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Robert's Story

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Robert Arthur (Nick) Nicholson, age 94, of Anderson died peacefully at his home surrounded by family and friends.
Nick was born in Pepin, Wisconsin, on Oct. 13, 1923 to parents Arthur Nicholson and Ethel (Weeden) Nicholson. They settled in St. Paul Minnesota, in 1930, where his father was a telegraph operator for the railroad. He graduated from St. Paul Park High School in June of 1940. Thanks to the positive influence of the St. Paul Park Church of God, he enrolled in Anderson College that fall at the age of 16.
Nick met the love of his life, Dorothy Jane Nelis, while attending Anderson College. He graduated with a bachelor's degree on June 16, 1944, and they were married on June 17, 1944. He liked to say he got his bachelor's degree one day and lost it the next.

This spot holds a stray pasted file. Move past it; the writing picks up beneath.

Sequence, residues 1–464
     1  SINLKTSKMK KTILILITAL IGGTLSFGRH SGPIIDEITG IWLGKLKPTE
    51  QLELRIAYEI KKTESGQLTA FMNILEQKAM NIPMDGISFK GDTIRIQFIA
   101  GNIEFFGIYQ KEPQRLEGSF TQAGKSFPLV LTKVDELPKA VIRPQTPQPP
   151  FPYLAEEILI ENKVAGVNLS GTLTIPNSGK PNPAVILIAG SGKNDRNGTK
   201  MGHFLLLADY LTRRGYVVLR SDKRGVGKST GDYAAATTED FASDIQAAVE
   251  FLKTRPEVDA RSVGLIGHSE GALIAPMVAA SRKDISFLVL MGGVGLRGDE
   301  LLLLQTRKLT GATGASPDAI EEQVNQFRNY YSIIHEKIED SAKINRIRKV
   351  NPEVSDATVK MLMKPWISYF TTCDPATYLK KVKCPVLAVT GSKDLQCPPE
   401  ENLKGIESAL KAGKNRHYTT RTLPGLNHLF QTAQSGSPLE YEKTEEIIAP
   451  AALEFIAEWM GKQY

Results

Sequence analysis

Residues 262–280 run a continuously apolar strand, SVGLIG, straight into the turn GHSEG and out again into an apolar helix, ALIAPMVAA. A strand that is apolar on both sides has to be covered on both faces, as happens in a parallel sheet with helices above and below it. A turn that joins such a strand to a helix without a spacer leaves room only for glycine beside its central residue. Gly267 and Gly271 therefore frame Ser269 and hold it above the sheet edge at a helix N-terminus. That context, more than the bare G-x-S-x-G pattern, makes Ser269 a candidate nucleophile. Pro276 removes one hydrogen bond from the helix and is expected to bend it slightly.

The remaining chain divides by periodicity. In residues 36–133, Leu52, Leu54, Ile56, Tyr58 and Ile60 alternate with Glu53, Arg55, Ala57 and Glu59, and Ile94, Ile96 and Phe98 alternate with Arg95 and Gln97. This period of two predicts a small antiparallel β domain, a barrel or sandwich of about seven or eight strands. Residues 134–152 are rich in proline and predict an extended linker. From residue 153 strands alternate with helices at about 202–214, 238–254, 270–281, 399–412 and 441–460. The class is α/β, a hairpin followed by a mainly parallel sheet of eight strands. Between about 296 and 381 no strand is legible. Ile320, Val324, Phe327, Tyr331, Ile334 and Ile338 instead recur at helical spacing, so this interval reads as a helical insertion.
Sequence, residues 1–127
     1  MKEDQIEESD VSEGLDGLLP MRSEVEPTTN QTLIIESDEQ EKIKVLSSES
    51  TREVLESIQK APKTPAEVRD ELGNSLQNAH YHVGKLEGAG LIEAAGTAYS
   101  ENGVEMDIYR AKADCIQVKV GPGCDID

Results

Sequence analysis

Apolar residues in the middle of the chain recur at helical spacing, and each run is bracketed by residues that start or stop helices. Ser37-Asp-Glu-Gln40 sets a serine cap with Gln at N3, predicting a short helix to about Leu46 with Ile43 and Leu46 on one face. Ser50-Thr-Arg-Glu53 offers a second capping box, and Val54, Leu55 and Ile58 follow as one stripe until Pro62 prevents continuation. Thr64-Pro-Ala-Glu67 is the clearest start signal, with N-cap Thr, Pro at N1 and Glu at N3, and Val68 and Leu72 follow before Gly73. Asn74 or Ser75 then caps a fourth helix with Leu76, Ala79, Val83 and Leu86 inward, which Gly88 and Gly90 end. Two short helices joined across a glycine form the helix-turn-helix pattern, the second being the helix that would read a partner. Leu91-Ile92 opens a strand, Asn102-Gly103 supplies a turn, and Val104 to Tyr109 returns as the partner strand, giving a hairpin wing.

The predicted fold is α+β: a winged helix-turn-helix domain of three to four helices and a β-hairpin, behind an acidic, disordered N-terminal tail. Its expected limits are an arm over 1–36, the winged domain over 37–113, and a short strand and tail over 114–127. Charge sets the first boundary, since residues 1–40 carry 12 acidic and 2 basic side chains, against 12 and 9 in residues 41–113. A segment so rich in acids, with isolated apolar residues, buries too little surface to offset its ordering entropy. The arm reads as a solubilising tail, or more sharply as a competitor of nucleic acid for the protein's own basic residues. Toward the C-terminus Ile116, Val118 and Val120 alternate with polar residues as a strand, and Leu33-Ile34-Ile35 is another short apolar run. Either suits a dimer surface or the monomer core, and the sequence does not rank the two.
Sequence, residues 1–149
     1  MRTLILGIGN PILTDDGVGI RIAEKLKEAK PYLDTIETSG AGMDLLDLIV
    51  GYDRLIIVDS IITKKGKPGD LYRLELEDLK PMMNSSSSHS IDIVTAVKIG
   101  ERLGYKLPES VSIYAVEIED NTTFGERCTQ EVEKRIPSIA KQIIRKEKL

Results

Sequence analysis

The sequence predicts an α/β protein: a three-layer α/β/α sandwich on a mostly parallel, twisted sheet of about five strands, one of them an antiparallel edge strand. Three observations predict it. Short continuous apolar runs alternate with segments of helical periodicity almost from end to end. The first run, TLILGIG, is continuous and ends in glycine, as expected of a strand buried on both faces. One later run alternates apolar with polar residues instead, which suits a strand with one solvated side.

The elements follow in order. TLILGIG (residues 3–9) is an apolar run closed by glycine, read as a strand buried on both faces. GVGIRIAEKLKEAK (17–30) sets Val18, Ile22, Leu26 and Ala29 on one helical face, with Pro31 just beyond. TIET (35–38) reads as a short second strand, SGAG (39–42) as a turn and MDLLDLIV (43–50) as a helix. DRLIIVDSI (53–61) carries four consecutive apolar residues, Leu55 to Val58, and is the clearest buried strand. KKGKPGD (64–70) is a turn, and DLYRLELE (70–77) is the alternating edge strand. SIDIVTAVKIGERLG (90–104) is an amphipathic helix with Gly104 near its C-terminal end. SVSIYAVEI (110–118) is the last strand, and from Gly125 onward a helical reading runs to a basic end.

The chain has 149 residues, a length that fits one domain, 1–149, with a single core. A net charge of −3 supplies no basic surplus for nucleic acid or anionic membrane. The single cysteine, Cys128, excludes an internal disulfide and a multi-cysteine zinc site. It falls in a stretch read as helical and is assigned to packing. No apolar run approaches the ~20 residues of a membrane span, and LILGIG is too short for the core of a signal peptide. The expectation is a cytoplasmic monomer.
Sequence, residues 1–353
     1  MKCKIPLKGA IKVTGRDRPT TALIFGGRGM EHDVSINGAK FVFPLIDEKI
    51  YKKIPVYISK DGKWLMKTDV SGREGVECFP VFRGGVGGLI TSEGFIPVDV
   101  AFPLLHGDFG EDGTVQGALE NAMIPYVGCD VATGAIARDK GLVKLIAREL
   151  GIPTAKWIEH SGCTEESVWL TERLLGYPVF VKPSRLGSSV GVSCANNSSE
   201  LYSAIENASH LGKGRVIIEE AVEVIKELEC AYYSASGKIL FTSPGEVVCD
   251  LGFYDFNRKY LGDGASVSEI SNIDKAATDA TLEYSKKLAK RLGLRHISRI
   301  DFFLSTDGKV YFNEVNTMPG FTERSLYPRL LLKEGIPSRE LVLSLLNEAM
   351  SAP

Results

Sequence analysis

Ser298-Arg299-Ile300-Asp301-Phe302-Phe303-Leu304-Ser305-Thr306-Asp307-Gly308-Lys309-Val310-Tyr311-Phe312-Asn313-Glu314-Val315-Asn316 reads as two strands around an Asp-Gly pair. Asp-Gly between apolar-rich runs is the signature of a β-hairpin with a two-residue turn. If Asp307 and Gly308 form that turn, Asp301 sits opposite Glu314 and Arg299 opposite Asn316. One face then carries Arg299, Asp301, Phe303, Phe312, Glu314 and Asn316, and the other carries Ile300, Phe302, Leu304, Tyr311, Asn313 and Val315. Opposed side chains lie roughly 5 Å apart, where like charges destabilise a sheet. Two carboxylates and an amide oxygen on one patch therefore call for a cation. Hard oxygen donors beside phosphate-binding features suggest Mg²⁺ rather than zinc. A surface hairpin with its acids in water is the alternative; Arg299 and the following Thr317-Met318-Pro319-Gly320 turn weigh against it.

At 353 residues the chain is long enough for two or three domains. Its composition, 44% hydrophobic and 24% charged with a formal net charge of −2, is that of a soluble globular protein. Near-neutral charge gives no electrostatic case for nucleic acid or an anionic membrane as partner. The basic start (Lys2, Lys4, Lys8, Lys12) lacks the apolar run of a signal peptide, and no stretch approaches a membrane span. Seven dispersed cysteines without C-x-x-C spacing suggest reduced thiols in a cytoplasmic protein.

He then joined the staff at the Church of God in Hickory, North Carolina. He began his graduate work at New York University in 1945, and they moved to Anderson later that year, where he began teaching music at Anderson College. One of the highlights of his time as a music professor was his founding the Anderson College Choir (now known as the Anderson University Chorale) in 1945.
During the years as a music professor, Nick completed his master of arts degree and his Ph.D. from New York University.
Nick was ordained to the ministry of the Church of God in 1951 and became Dean of Anderson College in 1958, a post that he would hold for more than 25 years. He said many times that the role of dean was his favorite role.